Ah yes, Canguro, a beautiful reply, as always. Thank you. I practise a form of martial arts which follows the Taoist way. Be in no doubt, I do not give up, I will fight for this planet, this beautiful existence, I will hope, I will attempt to converse with universe, the source of all. I may even pray, in my own way. This place is far too extraordinary to give up on. Yes, my missives drip cynicism and occasional disgust. Though, even now, I don’t throw in the towel, I will not give up. My purpose is to see a future for those that are yet to be.

    Canguro, I get tremendous satisfaction from your perceptions, your comments, I think a man I would like to know.

  11. Canguro

    Thank you, Mr Road Kill Cafe. It’s appreciated. FWIW, my postcode is 2114. A little bit of internet magic, venn-diagramming… who knows? Stranger things have happened. The most extraordinary & remarkable man I’ve ever met happened ‘circumstantially’, on account of my sitting idly on a bench in Rundle Mall, Adelaide; he arriving and striking up a conversation that ultimately changed my life & outlook irrevocably.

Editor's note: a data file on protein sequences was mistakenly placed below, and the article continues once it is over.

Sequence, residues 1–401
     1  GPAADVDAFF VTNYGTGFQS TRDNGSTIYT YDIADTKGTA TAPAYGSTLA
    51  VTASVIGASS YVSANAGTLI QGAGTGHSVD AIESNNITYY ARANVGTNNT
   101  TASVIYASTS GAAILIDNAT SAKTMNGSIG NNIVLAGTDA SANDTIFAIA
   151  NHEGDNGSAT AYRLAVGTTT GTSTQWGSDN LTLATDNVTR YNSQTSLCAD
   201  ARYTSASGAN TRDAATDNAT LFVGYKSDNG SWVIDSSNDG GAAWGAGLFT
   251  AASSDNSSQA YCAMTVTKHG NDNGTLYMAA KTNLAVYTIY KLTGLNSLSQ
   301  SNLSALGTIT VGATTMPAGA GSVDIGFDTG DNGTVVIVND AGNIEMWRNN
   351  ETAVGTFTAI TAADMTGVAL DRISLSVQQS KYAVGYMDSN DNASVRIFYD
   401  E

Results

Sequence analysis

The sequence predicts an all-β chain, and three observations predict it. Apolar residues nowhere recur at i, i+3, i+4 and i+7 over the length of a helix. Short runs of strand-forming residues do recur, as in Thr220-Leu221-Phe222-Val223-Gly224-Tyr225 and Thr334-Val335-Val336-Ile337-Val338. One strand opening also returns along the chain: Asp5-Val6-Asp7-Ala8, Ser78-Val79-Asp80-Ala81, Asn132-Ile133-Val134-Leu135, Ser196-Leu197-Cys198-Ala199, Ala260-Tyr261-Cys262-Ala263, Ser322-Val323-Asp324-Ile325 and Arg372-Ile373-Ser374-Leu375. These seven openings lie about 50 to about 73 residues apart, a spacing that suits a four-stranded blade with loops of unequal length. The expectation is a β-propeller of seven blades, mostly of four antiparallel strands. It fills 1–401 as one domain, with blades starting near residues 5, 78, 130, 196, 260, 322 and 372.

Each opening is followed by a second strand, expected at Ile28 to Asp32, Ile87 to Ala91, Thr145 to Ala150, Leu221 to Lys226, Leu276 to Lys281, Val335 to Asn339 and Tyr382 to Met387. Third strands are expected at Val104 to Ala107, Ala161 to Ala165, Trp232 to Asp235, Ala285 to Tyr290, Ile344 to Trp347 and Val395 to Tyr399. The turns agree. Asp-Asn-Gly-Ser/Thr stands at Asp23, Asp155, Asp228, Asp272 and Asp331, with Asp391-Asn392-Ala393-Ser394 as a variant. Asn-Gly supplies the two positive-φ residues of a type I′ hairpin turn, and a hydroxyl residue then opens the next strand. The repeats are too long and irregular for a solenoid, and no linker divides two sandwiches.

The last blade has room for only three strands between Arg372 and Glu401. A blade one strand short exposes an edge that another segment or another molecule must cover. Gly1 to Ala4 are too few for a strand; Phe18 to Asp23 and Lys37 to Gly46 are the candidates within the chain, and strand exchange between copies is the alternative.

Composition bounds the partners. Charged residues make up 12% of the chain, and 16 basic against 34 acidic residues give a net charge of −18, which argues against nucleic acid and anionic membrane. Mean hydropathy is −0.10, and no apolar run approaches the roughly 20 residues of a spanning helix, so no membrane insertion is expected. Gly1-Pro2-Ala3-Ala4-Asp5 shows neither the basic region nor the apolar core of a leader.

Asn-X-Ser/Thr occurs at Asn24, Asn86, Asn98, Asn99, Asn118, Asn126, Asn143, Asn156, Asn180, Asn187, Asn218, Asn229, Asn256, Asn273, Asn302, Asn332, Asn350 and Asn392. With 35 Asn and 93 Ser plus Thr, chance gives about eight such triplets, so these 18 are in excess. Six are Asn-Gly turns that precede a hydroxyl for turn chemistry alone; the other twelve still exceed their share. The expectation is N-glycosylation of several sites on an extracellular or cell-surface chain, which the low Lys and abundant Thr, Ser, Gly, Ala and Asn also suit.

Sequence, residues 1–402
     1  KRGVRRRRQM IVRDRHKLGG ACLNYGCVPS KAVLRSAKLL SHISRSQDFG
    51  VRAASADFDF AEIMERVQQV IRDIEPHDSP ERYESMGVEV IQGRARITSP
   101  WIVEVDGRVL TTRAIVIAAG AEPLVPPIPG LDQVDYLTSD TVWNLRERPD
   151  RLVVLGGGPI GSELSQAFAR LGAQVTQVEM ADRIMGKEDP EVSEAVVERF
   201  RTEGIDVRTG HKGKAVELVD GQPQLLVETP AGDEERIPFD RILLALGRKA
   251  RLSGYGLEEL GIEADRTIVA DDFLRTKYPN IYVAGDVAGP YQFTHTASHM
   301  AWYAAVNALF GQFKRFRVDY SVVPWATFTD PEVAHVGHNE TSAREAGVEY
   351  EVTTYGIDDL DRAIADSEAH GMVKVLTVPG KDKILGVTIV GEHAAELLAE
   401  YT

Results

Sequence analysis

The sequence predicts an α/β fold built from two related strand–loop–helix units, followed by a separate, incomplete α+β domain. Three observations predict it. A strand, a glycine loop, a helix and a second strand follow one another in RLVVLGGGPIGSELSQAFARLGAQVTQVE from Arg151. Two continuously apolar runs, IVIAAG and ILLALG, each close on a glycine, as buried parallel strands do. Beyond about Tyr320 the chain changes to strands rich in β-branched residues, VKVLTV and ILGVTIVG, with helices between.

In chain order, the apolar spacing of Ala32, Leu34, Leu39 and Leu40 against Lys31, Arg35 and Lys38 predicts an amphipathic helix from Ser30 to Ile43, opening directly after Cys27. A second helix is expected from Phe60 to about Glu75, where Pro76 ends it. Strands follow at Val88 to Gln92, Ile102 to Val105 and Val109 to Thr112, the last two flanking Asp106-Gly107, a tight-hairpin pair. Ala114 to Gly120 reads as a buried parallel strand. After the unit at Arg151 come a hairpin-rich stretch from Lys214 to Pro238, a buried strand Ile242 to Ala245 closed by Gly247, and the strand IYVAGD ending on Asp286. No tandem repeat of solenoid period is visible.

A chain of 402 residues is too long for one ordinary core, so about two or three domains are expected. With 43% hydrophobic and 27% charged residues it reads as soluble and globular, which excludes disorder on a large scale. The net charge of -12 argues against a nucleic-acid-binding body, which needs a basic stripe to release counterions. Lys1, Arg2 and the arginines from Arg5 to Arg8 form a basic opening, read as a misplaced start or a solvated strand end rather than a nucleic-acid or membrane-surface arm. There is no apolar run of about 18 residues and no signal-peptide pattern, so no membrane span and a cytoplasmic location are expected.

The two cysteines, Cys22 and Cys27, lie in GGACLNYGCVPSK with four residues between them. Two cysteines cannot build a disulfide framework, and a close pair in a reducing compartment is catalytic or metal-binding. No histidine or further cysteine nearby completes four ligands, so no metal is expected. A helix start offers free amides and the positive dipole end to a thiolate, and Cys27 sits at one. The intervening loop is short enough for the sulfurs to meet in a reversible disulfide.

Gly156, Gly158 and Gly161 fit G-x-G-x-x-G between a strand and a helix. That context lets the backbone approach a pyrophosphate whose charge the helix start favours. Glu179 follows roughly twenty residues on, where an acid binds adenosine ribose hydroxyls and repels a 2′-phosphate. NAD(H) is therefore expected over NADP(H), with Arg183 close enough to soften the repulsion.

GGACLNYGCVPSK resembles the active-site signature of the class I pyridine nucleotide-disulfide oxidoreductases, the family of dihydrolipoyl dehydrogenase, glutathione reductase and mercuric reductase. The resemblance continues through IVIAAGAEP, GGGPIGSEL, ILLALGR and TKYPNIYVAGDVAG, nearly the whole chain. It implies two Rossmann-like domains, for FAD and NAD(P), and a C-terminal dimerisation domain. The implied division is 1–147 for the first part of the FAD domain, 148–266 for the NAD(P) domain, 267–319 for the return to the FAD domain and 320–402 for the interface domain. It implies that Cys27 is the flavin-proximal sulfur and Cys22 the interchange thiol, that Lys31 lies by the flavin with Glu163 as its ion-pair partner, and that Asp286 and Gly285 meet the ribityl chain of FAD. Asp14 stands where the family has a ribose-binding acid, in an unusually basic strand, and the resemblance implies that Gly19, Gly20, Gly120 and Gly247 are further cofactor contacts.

12. RoadKillCafe

    Yes, Canguro, who knows. Eckhart Tolle maintains you get what you need when you need it, not before, not after. Perhaps our paths will cross, 4567, easily found, the large hairy man and the large hairy hound. Go well, Canguro, great respect for your communications. Though it can be hard to find, love to all, we need it.

  13. John Lord